Skip to Main Content
It looks like you're using Internet Explorer 11 or older. This website works best with modern browsers such as the latest versions of Chrome, Firefox, Safari, and Edge. If you continue with this browser, you may see unexpected results.
How Do I Avoid Plagiarism?
It's easy to avoid plagiarism as long as you properly use and cite your information.
Using Your Sources
Always be sure to correctly use your sources in your writing. To avoid plagiarism, you should do the following:
- Take Notes: Be sure to take notes on every source as you're doing your research.
- Paraphrase In Your Own Words: When writing, paraphrase the author while still giving credit. Don't just replace a few words! Set the original source aside and try to restate what the author is stating. However, you still need to cite the source and give credit to the author.
- Use Quotes When Directly Quoting: If you do need to directly quote a source without rewording it, put the original wording in quotation marks and cite it correctly.
- Citing Your Information: You always need to cite your sources when appropriate. See the section below to learn what needs to be cited.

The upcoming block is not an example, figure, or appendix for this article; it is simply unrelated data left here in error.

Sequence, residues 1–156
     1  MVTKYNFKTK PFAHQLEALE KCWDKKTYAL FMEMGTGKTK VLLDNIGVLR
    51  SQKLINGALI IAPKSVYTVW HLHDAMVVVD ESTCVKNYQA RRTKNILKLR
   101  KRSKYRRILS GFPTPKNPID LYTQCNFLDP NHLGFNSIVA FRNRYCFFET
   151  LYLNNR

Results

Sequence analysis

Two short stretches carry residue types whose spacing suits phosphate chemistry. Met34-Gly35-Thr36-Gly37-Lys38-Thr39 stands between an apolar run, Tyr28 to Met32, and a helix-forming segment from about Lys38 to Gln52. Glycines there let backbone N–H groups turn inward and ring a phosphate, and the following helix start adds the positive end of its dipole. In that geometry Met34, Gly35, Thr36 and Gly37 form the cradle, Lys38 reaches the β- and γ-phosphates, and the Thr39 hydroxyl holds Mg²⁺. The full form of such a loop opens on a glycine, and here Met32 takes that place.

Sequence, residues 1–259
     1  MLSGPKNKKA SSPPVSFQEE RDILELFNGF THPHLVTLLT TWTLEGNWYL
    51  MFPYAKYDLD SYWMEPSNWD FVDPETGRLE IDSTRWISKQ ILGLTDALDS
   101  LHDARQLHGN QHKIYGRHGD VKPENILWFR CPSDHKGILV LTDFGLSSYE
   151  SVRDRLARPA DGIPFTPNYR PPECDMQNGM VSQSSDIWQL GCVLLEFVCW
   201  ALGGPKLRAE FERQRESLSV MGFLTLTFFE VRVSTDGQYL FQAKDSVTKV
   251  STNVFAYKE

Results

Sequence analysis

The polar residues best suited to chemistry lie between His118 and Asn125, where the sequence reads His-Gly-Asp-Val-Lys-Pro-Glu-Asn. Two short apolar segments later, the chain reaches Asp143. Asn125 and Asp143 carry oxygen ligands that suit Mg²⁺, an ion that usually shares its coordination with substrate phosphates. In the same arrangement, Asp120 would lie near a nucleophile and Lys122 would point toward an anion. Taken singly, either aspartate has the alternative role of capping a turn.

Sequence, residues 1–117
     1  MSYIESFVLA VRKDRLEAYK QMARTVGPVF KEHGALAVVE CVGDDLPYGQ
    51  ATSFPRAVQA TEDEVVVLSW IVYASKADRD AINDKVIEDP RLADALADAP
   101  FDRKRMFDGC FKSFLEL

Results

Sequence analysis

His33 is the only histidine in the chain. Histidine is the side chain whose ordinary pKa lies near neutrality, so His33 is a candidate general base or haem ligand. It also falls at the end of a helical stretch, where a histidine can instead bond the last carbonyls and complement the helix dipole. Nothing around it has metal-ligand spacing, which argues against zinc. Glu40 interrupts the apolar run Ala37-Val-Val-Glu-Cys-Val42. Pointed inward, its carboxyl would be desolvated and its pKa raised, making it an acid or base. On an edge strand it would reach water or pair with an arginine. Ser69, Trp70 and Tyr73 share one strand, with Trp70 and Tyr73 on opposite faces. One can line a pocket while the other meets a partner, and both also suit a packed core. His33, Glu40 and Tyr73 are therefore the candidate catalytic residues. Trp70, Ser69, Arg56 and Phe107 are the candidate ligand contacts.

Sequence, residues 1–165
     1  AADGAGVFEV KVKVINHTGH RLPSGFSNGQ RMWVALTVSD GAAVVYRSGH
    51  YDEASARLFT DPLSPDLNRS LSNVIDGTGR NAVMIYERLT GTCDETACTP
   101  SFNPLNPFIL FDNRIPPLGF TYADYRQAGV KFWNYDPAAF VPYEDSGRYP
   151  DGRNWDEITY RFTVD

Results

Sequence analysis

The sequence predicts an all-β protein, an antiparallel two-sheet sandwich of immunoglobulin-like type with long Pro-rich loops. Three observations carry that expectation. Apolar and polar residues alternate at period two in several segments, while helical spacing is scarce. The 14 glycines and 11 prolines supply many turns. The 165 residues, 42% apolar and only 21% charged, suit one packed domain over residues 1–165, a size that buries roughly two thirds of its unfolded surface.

A very common question is "What needs to be cited when I'm doing research?" Be sure to cite the following:
- Direct quotations: If you are directly quoting a source, put it in quotation marks and add an internal citation.
- Paraphrases: Even if you put an author's ideas in your own words, you need to add an internal citation to credit the author's ideas.
- Summaries: If you are summarizing an author's ideas or a section of text, you need to add an internal citation to give credit.
- Facts and Ideas: These also need to be credited to the author and/or source with a citation.
But you DON'T need to cite COMMON KNOWLEDGE or WELL-KNOWN FACTS. We all know that the moon is Earth's only satellite. But we may not know other things about the moon - its mass or age, for instance. Unless the fact seems well-known, cite it!
Avoiding Plagiarism Resources